This article examines the status of the Koryŏ king in the 10-14th centuries, in terms of the Korea-China relations, through a number of diplomatic systems and elements such as investiture titles, investiture documents, king’s clothing, seals, the tributary ceremony, etc. Through this, I tried to explain that Korea-China relations as well as international principles have changed from an aristocratic order to a bureaucratic order, and for the Koryŏ kings the critical point was when they were ordered to serve not only as Koryŏ kings but also as ministers of the branch secretariat in a Yüan provincial government. The changes that ensued can be felt in many other areas. In the early Koryŏ periods, diplomatic contacts were made between China’s emperor and the Koryŏ king, and Koryŏ king was invested, according to an aristocratic order. Yet during the Yüan imperial period, Koryŏ kings began to assume actual imperial posts, which added a layer upon their existing title of nobility. Koryŏ kings came to exchange diplomatic documents not only with the Yüan emperor, but also with imperial offices. And the following Koryŏ-Ming relations show the existing aristocratic order that had served as a defining factor for the Koryŏ king has disappeared, with only the bureaucratic system left to define the Koryŏ king in a new way. Ming emperor treated the Koryŏ and Chosŏn kings just as if they were part of the Ming order and realm. These changes are also reflective of the one which was going on inside China. The aristocratic order that had been the controlling hierarchy since the ancient times, changed gradually to a bureaucratic order. Such trend reached its height at the end of the 14th century, which was the early years of Ming.
This article deals with one of Yun Heunggil’s (b. 1942) novels, The House of Twilight (1970). The purpose of this article is to depict the child narrator’s process of initiation during the Korean War (1950-1953) in relation with two particular places in Jeongeup, a city in North Jeolla Province. Accompanied by a child named Gyeongju, the child narrator pays visits to an iron foundry and Gyeongju’s tavern house. Against the backdrop of these two spatial settings, the narrator interacts for the first time with the traumatic social impact of the War. He is introduced to the reality of death by Gyeongju’s recollection of her family’s trauma and through initiation into her sadistic games. Further analyzed in the article, these places, along with their ambivalent connotations, anticipate the narrator’s maturation.
We explore how Korean media describe male and female politicians in high-profile elections. In western societies, there are competing views regarding media coverage of male and female politicians. The conventional view is that biased media coverage subjects women to gender stereotypes regarding the traits candidates exhibit and the issues on which women are competent to legislate. Yet, recent research contends that gendered differences are becoming less pronounced, and some studies even demonstrate that female politicians get more media coverage in areas that are stereotypically seen as masculine issues. The 2012 presidential election and multiple recent Seoul mayoral elections offer a unique opportunity to explore media coverage of male and female Korean politicians. Using a novel dataset of media coverage from the top five Korean newspapers, spanning four high-profile elections, we evaluate the presence of gendered media bias in Korean mayoral and presidential elections. Our original data analysis uncovers an interesting finding that female candidates consistently receive more coverage than their male competitors on stereotypically masculine traits and issue areas such as politics, economics, and international issues. This research represents one of the first attempts to examine the gendered nature of media coverage in Korea.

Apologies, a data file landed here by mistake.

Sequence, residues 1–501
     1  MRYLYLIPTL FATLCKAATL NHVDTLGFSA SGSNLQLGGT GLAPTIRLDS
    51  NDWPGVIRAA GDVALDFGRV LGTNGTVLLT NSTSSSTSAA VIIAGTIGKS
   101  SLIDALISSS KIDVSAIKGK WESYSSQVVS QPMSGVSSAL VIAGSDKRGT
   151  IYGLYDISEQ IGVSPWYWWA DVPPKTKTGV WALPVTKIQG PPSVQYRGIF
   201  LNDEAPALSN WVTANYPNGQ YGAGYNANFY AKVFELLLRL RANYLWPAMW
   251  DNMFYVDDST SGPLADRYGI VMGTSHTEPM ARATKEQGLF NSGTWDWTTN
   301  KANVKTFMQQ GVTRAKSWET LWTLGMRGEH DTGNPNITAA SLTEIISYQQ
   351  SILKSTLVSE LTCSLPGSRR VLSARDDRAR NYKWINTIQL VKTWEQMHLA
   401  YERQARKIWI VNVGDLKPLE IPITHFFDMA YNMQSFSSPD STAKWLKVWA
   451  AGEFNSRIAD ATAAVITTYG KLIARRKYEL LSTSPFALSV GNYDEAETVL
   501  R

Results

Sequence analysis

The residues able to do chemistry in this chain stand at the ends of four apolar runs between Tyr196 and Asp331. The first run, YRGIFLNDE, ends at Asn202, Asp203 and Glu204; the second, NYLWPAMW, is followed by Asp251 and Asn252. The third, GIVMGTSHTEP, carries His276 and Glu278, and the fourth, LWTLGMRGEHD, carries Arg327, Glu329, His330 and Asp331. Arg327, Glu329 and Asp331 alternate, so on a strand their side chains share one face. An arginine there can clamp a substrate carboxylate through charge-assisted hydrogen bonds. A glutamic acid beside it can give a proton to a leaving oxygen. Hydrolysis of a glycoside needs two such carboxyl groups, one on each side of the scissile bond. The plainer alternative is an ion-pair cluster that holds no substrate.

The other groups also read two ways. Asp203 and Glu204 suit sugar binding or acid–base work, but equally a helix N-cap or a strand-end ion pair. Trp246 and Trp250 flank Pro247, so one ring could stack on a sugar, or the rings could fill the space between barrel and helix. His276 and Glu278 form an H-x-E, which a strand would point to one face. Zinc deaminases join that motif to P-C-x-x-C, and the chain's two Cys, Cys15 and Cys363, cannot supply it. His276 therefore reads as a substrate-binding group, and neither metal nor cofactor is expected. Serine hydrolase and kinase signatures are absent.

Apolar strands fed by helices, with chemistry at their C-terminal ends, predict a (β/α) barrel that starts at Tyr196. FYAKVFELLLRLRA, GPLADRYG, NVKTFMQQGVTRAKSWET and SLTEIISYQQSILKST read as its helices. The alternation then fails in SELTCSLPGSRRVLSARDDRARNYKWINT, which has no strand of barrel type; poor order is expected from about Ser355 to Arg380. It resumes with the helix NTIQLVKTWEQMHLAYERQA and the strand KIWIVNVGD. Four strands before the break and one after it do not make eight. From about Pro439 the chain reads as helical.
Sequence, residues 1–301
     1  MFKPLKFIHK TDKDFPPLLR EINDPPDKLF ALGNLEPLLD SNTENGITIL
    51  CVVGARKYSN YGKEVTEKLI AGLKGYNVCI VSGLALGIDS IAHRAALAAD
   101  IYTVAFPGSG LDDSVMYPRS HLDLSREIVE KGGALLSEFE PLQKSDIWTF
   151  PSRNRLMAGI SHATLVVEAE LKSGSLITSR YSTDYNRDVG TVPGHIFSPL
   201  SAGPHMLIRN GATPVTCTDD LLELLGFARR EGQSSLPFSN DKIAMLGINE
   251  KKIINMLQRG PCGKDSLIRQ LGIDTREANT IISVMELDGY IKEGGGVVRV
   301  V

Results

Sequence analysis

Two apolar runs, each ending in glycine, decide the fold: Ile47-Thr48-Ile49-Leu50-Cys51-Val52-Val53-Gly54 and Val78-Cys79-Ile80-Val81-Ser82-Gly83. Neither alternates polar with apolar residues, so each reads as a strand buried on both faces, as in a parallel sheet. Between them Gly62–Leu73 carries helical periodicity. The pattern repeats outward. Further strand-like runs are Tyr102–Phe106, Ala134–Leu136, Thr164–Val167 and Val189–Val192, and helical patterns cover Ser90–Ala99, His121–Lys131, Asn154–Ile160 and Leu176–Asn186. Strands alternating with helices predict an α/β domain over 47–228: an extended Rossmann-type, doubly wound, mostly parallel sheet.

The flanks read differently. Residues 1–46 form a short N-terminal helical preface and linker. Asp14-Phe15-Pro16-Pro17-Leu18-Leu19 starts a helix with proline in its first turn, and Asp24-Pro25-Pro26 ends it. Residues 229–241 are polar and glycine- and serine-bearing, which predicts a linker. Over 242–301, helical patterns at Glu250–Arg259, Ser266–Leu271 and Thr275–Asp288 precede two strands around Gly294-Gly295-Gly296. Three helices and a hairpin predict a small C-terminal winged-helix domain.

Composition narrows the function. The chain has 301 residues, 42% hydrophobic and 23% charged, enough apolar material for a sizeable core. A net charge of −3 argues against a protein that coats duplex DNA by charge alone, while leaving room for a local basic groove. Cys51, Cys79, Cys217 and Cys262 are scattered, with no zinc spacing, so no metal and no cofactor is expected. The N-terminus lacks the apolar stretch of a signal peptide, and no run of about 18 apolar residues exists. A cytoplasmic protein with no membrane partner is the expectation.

Chooyang, Han Gyeongjik was one of the most outstanding pastors in the history of the Korean Protestant Church. He was a famously known clergyman not only as a founder of the renowned “Youngrak Presbyterian Church,” but also as an organizer for building up modern “Republic of Korea” by participating in the U.S. military Government (Sep. 1945-Aug. 1948), right after the “Independence” from Japanese colonialism, and the 1st to 3rd Administrations of the Republic of Korea (Aug. 1948-Oct. 1972). From time to time, his argumentation, the so-called “New nation under the Christian belief,” raised hot controversial debates on the relationship between politics and religion. However, his main ideas for building up a new nation gave much influence to seek an appropriate political ethics in the “newly- born country.” The writer discusses the ideas of Chooyang, concerning the “building a new nation” through his address, sermons, books, and interviews at first. How were his ideas on the political practice reflected in the living political world? What was a limitation of his ideological suggestions in a real political formation? In what scope and extent, was his assertion adopted? Through these discussions, we could come to have a more concrete understanding on the “Establishment of a Christian Nation for Modern Korea.”
World literature is a historical concept that can only be established and practiced through translation into the native language. Translations in East Asia are accompanied with intentional misreading or unintentional misunderstandings. World literature as imagined in Korea, China, and Japan is neither singular nor politically equal. Problematizing the spirit of the age and imagination of translations in East Asia in the first half of the 20th century provides new perspectives that the methodologies of comparative literature or translation studies cannot capture. Translations of A Doll’s House by Henrik Ibsen and “The Last Lesson” by Alphonse Daudet are a great example for demonstrating how contemporary European literature is incorrectly interpreted and reproduced in East Asia’s historical context. On the other hand, the difference of viewpoints between The Good Earth by Pearl S. Buck and Moment in Peking by Yutang Lin is produced through translations by the ideological transformation of China as the other and East Asian self-representation. Translation is a cultural praxis and effect that actualizes “East Asian World Literature” and brings it to historical movements.